really seem worse than the situation for re.match, though, to me.
> Because they're all too often not "multiple matches". They're matches
> for different objects that happen to match the same regular
> expression, and the notation for the parser should express that
> without requiring comments. re.structmatch _encourages_ a style where
> users deliberately throw away structure; your /etc/group parser is an
> example. (See below.)
Hmm. You're quibbling with my example. Yes, I could have written the
expression to "know" that there were only four fields and that the third was a
number, etc. I chose not to for pedagogical purposes, but it could easily
have been done the other way. And in practice the programmer can choose the
specificity of the match depending on exactly what they're trying to
accomplish. Is this really different than what would happen with grammars?
> Furthermore, since this is going to be recursive, users are going to
> end up with "list of list of ..." nested to arbitrary depth, depending
> on how complex the regexp is. Isn't that what we have Lisp for? <wink>
The shape of the result follows directly from the shape of the grouping in the
RE, yes. This is construed as a benefit. And yes, Lisp's backtick (? it's
been a while) expressions were part of what inspired me on this.
> I suppose you would be satisfied if you could represent
> file := file line
> line := group ':' passwd ':' number ':' any '\n'
> group := '[A-Za-z0-9]+'
> passwd := '[A-Za-z0-9]+'
> number := '[0-9]+'
> any := '.*'
This isn't really fair. If you know that that's what you want to parse, then
you could use a more appropriate re.structmatch equivalent like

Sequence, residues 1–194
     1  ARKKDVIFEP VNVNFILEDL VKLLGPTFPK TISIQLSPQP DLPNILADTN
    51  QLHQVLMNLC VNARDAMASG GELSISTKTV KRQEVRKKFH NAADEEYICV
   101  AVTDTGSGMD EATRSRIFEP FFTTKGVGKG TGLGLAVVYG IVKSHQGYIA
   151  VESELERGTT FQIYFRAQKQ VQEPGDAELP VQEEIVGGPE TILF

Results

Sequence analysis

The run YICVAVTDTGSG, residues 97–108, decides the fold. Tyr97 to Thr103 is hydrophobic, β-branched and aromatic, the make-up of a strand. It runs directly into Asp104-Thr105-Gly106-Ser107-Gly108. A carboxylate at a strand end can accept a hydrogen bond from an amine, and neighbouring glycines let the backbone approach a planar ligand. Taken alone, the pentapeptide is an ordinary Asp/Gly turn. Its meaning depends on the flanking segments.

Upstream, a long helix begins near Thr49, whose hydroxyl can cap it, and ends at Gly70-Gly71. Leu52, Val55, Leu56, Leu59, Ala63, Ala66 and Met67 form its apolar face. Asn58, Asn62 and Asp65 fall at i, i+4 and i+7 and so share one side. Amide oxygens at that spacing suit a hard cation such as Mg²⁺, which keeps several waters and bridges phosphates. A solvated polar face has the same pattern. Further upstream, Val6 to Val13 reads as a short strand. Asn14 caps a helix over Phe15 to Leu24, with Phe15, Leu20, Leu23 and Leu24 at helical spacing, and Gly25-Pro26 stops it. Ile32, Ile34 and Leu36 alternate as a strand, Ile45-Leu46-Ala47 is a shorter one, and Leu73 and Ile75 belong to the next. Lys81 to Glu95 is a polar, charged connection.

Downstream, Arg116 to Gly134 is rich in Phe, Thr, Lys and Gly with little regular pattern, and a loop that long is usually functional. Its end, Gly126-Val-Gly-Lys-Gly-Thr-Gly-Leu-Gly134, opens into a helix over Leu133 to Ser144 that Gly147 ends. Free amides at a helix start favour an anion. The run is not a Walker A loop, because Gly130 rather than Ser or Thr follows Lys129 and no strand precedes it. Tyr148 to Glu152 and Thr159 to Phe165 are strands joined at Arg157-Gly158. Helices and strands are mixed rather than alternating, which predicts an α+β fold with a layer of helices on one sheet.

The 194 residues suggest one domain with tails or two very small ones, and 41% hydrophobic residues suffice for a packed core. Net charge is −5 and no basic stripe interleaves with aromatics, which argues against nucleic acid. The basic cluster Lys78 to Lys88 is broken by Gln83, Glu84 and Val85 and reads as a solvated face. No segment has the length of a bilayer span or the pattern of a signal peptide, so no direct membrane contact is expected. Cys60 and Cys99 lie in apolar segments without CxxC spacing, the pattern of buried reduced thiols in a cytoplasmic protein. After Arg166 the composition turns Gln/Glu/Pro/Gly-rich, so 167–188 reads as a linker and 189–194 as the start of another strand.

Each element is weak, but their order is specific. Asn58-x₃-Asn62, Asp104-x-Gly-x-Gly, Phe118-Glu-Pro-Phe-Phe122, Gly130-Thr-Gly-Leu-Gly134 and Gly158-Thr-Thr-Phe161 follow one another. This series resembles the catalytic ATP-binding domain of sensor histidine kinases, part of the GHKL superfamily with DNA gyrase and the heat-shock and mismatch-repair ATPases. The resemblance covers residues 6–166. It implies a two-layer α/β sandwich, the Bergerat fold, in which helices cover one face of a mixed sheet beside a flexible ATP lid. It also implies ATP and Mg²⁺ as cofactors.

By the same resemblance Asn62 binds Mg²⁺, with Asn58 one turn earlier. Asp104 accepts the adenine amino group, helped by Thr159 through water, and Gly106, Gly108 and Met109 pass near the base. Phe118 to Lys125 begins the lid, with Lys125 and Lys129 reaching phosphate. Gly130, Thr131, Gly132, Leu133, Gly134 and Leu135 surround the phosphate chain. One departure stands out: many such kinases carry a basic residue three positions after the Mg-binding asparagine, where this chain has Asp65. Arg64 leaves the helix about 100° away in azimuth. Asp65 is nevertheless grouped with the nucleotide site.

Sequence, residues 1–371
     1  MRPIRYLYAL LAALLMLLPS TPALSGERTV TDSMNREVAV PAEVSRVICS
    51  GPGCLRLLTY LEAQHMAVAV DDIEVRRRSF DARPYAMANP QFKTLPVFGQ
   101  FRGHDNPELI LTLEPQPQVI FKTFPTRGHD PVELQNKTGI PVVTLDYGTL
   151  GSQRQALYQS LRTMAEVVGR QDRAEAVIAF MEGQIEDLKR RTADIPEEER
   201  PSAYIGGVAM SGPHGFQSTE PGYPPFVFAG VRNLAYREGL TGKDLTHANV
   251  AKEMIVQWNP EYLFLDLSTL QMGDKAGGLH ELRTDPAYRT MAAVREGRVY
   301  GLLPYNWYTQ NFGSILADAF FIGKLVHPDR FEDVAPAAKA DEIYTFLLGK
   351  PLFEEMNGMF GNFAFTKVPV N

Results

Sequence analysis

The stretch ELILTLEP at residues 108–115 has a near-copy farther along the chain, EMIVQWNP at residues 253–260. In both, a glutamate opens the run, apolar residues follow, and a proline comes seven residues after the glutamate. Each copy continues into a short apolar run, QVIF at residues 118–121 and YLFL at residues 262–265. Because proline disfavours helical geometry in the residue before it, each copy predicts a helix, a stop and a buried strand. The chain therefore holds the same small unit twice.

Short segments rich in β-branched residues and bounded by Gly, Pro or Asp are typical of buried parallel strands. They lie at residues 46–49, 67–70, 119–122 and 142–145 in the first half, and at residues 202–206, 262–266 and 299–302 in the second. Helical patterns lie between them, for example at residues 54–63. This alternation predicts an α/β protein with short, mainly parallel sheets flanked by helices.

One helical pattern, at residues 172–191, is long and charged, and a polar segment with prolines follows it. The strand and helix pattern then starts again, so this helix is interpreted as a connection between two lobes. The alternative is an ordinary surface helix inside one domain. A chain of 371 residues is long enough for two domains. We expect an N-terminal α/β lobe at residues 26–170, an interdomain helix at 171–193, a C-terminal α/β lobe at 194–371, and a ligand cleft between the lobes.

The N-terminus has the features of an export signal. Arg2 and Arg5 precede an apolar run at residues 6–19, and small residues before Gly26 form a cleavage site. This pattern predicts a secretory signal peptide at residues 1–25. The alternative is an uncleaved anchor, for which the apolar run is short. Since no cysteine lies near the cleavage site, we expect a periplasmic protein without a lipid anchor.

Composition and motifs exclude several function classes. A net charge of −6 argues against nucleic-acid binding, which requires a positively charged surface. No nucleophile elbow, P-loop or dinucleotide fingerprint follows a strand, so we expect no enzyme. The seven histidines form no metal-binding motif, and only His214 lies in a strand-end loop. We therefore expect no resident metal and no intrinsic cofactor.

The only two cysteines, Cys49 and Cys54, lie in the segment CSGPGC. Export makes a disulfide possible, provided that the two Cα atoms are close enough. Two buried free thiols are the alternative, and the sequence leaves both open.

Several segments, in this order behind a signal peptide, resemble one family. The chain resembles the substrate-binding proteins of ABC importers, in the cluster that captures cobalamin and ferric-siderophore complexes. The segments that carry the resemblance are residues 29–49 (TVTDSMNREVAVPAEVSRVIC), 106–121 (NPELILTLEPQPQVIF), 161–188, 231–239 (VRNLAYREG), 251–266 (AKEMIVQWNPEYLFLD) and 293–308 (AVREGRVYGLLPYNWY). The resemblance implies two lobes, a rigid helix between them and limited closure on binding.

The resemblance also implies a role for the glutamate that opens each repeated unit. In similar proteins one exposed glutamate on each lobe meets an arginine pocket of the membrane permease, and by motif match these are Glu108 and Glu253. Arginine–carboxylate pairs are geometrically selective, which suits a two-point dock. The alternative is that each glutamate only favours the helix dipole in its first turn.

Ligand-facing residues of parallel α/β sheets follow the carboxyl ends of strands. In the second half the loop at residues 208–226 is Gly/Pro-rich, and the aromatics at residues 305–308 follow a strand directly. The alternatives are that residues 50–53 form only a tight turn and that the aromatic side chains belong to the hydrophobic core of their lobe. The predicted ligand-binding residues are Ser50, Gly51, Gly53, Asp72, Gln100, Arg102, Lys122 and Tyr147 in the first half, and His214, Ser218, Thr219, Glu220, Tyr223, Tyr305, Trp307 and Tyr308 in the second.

p = r'''(?xm) # VERBOSE, MULTILINE
\Z # assert that the entire
# input was matched
which will return the submatches tagged by those group names.
> improving 'passwd' to check for the characteristic signature of a
> crypted password or a "no password authentication" flag would be
> annoying with re.structmatch, while it's trivial with a parser.
If this signature can be expressed as an RE, then I suspect it would be easy
enough to add. If not, then probably you'd have to check with code after the
fact, even if you're using a grammar parser. Or am I missing something?
> I grant that a full-blown parser generator is overkill for your target
> set of applications. But I stick with my judgement that regexps as
> they are are an attractive nuisance, and re.structmatch would make the
> situation worse in proportion to its usage. I hope your proposal will
> be superseded either by a scanner package, or even by a parser package.
I think you're saying that you just don't care for regexps, period. This
reminds me of jwz's quip ("now you have two problems"), and I have some
sympathy for this point of view, but practically speaking 're' is here and
it's not going away any decade soon. Given that, I'd like to fix this
multiple match deficiency.
I'm in favor of the scanner package, but it doesn't cover the same problem
space as re.structmatch, so I don't see it as a replacement. A parser package
*might* be, but I don't see any sign that that's coming any time soon. (I'd
be happy enough to be wrong about this.)
More information about the Python-Dev